Macedonia has well developed infrastructure with road and railway links running north-south, connecting Serbia and Greece, and construction improving the east-west corridor, connecting Albania and Bulgaria. The backbone of the country’s road network consists of the two Pan-European corridors VIII and X. It has two international airports, Skopje and Ohrid.
Macedonia’s modern digital telecommunication network is the most liberalised in the region and it has a good supply of low cost grid electricity.
Macedonia’s mining sector is a significant contributor to its GDP, with new improved laws attracting more companies to operate in the country. The country has a number of operating mines, as well as exploration projects, including Ilovica and the Bucim mine. KPMG recently stated that the mining sector was essential in Macedonia as it is a significant contributor to the economy.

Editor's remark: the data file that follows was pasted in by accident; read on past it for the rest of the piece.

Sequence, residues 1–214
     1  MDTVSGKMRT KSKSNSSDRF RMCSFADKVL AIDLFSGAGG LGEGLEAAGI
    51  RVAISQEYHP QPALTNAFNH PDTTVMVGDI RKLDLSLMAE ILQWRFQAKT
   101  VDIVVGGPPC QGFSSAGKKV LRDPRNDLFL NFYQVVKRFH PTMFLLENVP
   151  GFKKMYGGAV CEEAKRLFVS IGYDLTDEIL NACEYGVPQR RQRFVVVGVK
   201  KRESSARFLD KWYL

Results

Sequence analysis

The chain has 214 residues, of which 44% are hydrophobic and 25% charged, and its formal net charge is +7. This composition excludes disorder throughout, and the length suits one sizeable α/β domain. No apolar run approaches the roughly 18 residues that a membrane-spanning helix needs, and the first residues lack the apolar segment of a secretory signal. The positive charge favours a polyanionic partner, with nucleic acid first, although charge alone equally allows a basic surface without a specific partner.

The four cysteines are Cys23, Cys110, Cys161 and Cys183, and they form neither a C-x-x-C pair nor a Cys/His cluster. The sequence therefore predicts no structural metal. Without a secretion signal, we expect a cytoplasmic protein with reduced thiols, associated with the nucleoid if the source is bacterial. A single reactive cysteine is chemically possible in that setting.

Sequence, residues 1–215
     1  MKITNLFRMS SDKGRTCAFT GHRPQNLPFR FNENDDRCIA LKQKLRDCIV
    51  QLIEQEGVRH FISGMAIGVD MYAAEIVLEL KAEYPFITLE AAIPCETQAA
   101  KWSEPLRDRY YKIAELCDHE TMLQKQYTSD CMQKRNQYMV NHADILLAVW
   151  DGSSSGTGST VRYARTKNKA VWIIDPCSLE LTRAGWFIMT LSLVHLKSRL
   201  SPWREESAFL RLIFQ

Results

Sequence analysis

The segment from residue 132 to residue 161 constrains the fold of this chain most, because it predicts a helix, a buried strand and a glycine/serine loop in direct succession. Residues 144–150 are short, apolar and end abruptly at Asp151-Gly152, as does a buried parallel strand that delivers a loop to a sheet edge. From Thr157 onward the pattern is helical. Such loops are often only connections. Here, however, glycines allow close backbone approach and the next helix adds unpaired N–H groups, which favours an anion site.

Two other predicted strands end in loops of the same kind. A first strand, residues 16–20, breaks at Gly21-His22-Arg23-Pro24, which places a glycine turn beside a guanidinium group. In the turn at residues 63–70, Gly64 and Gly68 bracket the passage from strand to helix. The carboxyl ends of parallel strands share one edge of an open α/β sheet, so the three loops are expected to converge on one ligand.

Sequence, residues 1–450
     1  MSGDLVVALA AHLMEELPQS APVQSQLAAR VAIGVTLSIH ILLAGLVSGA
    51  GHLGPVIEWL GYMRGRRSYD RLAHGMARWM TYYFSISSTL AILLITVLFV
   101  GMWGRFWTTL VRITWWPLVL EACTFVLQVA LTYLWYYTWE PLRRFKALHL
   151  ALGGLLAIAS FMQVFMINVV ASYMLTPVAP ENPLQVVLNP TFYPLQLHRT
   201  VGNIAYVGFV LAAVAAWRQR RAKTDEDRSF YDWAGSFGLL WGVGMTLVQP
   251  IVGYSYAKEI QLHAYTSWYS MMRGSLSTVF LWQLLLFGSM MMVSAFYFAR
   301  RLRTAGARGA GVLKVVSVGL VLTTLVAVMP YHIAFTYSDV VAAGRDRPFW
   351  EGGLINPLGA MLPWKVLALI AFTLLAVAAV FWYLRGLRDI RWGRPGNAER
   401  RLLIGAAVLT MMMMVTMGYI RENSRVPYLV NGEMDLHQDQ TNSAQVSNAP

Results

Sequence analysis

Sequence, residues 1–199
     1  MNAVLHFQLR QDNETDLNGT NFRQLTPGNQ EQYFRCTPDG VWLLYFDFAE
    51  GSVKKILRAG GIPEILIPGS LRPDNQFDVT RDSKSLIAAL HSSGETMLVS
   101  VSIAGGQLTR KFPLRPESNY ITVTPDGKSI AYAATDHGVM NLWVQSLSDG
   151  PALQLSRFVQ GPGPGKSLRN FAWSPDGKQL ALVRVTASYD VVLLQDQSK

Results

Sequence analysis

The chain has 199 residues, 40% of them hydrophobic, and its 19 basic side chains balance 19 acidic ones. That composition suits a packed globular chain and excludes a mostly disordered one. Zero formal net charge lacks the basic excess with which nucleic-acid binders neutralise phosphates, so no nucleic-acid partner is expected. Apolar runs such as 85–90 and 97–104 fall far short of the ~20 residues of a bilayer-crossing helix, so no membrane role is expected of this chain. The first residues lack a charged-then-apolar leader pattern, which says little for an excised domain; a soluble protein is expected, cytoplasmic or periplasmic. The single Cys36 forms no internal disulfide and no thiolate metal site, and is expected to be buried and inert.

In the December 2016 election, the centre-right VMRO-DPMNE party, which had governed since 2006, won a majority but it failed to secure the required 62 seats for a majority and to form a government. Five months after elections took place, a new government in Macedonia was announced in May 2017, led by Zoran Zaev of the centre-left Social Democrats. Zaev vowed to step up economic reforms and pledged to speed up the country’s bid to join the EU and NATO. In August 2017, Bulgaria and Macedonia signed a bilateral treaty, removing some obstacles to Skopje’s bid to join both organisations.